Abstract A69: Role of mitochondrial-STAT3 in promoting chemoresistance by modulating the energy metabolism in ovarian cancer

Document Type

Conference Proceeding

Publication Date


Publication Title

Clin Cancer Res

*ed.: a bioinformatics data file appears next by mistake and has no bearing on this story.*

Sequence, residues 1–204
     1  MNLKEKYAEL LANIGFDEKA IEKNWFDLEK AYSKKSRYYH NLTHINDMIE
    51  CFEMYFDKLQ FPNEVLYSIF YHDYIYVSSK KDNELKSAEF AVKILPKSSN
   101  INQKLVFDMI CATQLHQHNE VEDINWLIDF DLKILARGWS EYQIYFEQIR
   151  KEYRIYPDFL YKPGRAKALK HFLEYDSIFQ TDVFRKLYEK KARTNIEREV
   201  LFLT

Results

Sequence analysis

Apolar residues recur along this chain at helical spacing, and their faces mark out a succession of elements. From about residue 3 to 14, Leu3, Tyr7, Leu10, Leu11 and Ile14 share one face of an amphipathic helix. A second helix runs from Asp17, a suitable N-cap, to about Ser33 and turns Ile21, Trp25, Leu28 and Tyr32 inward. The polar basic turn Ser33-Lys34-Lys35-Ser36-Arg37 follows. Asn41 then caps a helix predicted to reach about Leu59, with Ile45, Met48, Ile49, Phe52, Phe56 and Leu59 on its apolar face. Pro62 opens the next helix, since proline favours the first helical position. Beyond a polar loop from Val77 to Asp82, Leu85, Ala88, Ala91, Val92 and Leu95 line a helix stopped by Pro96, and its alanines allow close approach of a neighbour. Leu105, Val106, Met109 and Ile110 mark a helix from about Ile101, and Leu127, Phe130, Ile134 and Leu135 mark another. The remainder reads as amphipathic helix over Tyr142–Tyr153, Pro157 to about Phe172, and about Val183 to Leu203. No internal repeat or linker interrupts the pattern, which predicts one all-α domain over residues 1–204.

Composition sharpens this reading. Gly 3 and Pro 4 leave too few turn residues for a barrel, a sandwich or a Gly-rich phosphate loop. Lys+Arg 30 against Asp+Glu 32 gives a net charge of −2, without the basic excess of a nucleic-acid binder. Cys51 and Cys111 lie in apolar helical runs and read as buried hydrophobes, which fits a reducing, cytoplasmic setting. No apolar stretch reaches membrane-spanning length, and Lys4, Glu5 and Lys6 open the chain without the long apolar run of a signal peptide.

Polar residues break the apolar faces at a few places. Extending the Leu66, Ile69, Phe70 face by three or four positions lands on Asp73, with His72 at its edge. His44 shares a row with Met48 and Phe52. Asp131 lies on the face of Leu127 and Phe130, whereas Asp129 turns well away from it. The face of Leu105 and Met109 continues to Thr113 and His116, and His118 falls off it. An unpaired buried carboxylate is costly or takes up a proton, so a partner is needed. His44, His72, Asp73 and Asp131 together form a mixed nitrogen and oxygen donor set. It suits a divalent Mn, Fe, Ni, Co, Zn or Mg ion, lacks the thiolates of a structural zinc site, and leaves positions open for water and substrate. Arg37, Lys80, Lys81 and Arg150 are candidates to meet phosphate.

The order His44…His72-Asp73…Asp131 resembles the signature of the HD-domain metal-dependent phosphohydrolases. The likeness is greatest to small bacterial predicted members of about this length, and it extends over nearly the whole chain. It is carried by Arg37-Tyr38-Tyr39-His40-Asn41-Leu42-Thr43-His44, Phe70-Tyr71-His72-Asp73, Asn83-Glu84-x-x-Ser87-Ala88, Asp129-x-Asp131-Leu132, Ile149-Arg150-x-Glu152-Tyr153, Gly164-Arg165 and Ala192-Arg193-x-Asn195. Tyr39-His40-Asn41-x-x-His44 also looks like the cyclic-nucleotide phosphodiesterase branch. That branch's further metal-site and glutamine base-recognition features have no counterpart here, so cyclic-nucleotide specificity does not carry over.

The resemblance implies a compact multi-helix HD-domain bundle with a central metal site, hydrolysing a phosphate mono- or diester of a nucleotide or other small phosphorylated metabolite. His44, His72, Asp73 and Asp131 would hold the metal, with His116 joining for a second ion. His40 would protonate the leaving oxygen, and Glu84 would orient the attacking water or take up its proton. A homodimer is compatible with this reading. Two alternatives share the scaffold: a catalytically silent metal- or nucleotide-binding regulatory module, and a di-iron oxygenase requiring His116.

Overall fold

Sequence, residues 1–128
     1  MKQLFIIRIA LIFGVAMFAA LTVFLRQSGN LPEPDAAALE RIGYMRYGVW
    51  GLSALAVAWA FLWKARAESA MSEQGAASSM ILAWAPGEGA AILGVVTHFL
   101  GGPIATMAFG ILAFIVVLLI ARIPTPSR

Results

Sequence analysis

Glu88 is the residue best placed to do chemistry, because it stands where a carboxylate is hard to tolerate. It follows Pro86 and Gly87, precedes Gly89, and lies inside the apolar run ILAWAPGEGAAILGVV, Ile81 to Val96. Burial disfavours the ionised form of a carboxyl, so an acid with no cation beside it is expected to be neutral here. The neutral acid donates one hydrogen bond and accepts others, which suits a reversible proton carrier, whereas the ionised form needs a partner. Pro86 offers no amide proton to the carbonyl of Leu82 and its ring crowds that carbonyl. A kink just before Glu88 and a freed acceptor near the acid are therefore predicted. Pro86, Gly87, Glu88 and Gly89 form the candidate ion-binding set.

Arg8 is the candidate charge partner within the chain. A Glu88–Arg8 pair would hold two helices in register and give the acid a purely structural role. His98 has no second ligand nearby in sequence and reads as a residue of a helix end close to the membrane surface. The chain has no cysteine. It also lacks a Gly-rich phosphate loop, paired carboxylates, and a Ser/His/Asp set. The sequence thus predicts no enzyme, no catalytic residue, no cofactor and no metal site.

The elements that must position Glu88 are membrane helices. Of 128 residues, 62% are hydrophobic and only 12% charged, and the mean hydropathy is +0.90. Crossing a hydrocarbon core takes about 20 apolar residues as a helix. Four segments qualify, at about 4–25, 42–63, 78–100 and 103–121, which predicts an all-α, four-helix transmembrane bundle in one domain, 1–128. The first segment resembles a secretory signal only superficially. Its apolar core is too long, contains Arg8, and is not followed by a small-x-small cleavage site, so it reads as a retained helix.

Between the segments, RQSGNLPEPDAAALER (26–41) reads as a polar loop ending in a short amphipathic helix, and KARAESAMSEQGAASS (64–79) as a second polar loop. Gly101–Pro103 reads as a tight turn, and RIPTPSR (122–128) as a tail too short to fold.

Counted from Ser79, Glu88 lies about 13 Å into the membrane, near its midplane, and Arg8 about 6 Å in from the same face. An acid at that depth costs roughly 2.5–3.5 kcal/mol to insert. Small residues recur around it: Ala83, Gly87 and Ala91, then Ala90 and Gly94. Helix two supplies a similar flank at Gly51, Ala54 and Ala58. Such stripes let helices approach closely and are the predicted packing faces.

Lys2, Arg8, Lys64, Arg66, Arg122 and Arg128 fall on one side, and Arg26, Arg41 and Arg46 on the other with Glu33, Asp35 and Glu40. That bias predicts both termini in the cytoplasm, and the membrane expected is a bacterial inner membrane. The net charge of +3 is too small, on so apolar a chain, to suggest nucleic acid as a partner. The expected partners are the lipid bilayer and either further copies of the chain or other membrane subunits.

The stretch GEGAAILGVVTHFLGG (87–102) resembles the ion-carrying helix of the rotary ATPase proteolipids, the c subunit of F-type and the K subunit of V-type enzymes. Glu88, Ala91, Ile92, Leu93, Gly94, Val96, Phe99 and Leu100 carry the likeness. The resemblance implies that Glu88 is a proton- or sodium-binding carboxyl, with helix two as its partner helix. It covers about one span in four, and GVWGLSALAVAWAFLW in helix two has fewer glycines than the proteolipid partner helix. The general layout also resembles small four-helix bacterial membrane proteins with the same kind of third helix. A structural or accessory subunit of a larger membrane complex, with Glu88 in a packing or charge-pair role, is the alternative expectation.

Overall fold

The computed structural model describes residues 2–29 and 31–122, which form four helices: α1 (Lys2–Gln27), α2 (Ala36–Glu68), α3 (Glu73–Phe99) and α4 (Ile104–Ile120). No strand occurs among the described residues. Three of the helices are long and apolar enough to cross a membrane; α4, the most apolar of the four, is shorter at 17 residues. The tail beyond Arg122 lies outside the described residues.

Abstract: Signal Transducers and Activators of Transcription 3 (STAT3) is a transcription factor that is known to play a key role in cancer progression. In ovarian cancer, STAT3 overexpression leads to increased cancer cell proliferation and confers resistance to chemotherapy-induced apoptosis in epithelial malignancies. It is constitutively activated in patient-derived ovarian cancer cells and a predictor of poor prognosis. Apart from its function as a transcription factor, recently STAT3 has been shown to translocate to mitochondria, facilitated by phosphorylation at S727 and modulate mitochondrial function to promote carcinogenesis. Our study aimed to investigate if mitochondrial-STAT3, rather than nuclear-STAT3, plays a major role in modulating cellular metabolism and promoting chemoresistance in ovarian cancer cells. We generated stable clones overexpressing STAT3 in A2780 ovarian cancer cells, along with empty vector clones. Ectopic expression of STAT3 in A2780 resulted in increased proliferation, colony formation ability, and chemoresistance in vitro and led to large and aggressive ovarian tumors compared to parental and vector controls in the xenograft mouse model. STAT3 overexpressing clones exhibited higher mitochondrial respiration and glycolysis placing them in the “metabolically active” phenotype compared to parental and vector clones (metabolically less active phenotype). A STAT3 inhibitor, Stattic, inhibited both nuclear and mitochondrial STAT3 and also attenuated the STAT3-mediated growth of overexpressing clones both in vitro and in vivo. Stattic treatment also reversed the STAT3-mediated chemoresistance. In contrast, a selective inhibitor of STAT3-Y705, cryptotanshinone, was relatively less effective. Also, Stattic treatments reversed the “metabolically active” state of STAT3 overexpressing clones to a “lower metabolic state,” as the control cells. Stattic also inhibited the cell proliferation and modulated bioenergetic phenotype of other ovarian cancer cells lines (PEO4, C200, and OVCAR3) that display a metabolically active phenotype, suggesting STAT3 plays a vital role in attaining a metabolically active phenotype by cancer cells. Further, silencing STAT3-Y705 (nuclear-STAT3) did not significantly affect the chemoresistance, while silencing STAT3-S727 (mitochondrial-STAT3) reversed chemoresistance. Although an increase in mitochondrial function was observed in overexpressing A2780 clones as evident from enhanced oxidative phosphorylation, there was no change in the mitochondrial mass or number, indicating the critical role of STAT3 in mitochondrial function rather than mitochondrial biogenesis in ovarian cancer cells. Thus, further evaluation of expression and function of mitochondrial STAT3 in ovarian cancers is warranted. Overall, mitochondrial-STAT3 can induce metabolic changes in ovarian cancer cells and enhance their cellular fitness by promoting chemoresistance.





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